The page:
We are a commune of inquiring, skeptical, politically centrist, capitalist, anglophile, traditionalist New England Yankee humans, humanoids, and animals with many interests beyond and above politics. Each of us has had a high-school education (or GED), but all had ADD so didn't pay attention very well, especially the dogs. Each one of us does "try my best to be just like I am," and none of us enjoys working for others, including for Maggie, from whom we receive neither a nickel nor a dime. Freedom from nags, cranks, government, do-gooders, control-freaks and idiots is all that we ask for.
Our Recent Essays Behind the Front Page
Tuesday, March 25. 2014
Sunday, March 23. 2014
This season of Lent naturally has me thinking about the theme of sacrifice. I wondered when Jews gave up ritual sacrifice, and was interested to learn that the tradition was to eat the sacrificed animal - sharing it with the priest who no doubt got the filet, and to let the guts burn to ashes. In Christianity, Christ is the unblemished Lamb of God.
Those are the roots of Christ's instructions about what we now call "Communion." "This is my flesh, take of it and eat."
Thursday, March 20. 2014
What he preached:
Sunday, March 16. 2014
This weekend is Purim. Bruce usually keeps us up to date on the Jewish holidays, but I'll fill in during his semi-sabbatical.
Purim: A Wacky Tribute to Life - The Talmud's advice for this holiday: get drunk.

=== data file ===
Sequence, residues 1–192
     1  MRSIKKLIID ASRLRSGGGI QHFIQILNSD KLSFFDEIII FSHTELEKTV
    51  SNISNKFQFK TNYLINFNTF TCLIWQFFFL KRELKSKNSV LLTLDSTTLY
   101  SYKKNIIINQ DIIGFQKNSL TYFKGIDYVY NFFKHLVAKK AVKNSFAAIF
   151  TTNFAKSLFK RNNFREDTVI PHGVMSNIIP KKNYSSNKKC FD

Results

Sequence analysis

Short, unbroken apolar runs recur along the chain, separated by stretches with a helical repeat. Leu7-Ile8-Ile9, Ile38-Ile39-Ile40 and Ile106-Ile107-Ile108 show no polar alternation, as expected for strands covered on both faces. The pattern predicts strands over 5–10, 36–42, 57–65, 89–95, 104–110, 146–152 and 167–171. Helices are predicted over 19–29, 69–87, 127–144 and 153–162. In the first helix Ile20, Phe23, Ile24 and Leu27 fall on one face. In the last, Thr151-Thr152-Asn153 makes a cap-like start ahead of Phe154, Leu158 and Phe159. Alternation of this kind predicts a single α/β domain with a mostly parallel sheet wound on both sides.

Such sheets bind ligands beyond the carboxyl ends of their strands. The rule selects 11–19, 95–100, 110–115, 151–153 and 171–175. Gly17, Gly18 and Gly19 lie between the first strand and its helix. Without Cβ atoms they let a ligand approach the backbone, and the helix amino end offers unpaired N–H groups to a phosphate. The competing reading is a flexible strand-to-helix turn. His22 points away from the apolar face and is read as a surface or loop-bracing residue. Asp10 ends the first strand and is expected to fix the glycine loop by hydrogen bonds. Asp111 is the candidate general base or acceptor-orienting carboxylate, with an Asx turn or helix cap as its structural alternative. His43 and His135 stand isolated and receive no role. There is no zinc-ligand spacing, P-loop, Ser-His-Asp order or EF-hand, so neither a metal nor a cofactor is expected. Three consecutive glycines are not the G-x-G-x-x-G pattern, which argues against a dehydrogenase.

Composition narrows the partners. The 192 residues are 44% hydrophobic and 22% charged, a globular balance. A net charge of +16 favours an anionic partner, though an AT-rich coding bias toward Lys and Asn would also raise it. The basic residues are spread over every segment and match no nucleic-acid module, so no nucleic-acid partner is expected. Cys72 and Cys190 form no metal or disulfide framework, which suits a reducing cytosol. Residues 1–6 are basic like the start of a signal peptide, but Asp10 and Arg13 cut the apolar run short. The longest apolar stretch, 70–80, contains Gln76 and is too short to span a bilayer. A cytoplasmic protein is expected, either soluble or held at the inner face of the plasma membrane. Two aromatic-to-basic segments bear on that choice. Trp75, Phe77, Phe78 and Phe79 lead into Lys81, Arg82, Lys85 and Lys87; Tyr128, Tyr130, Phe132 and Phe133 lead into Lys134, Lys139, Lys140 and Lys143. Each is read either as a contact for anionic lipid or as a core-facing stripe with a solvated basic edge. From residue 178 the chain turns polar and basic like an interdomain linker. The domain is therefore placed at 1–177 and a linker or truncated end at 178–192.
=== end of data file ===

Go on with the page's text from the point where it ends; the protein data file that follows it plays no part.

Purim 2014 -- What Queen Esther can still teach us
Friday, March 14. 2014
"Do unto others..." The Christians loved - and touched - this guy. Love that goes around - it doesn't matter whether it comes back around or not but, in some ways, it's more wonderful when it doesn't. We Christians are taught to give of ourselves, and not to take, as a way of life. The capacity to be reflectors of divine grace: that is the "life in abundance" which was promised.
My friend does quite a bit of that, via SIM.
Sunday, March 9. 2014
Wednesday, March 5. 2014
The 40-odd days following Ash Wednesday culminating in the prayer-laden and introspective Easter Vigil are the time when all Christians focus most intently on their relationship with the living Christ, and His role in their lives and in their hearts.
I usually welcome Lent with hope, and excitement about discovering where this year's Lenten journey might lead me. It is the gravitational center of my year.
Plant roots wake up and start growing months before the spring buds begin to swell. Lent is my root-growing time, and I hope it will be that this year.
Tuesday, March 4. 2014
Sunday, February 23. 2014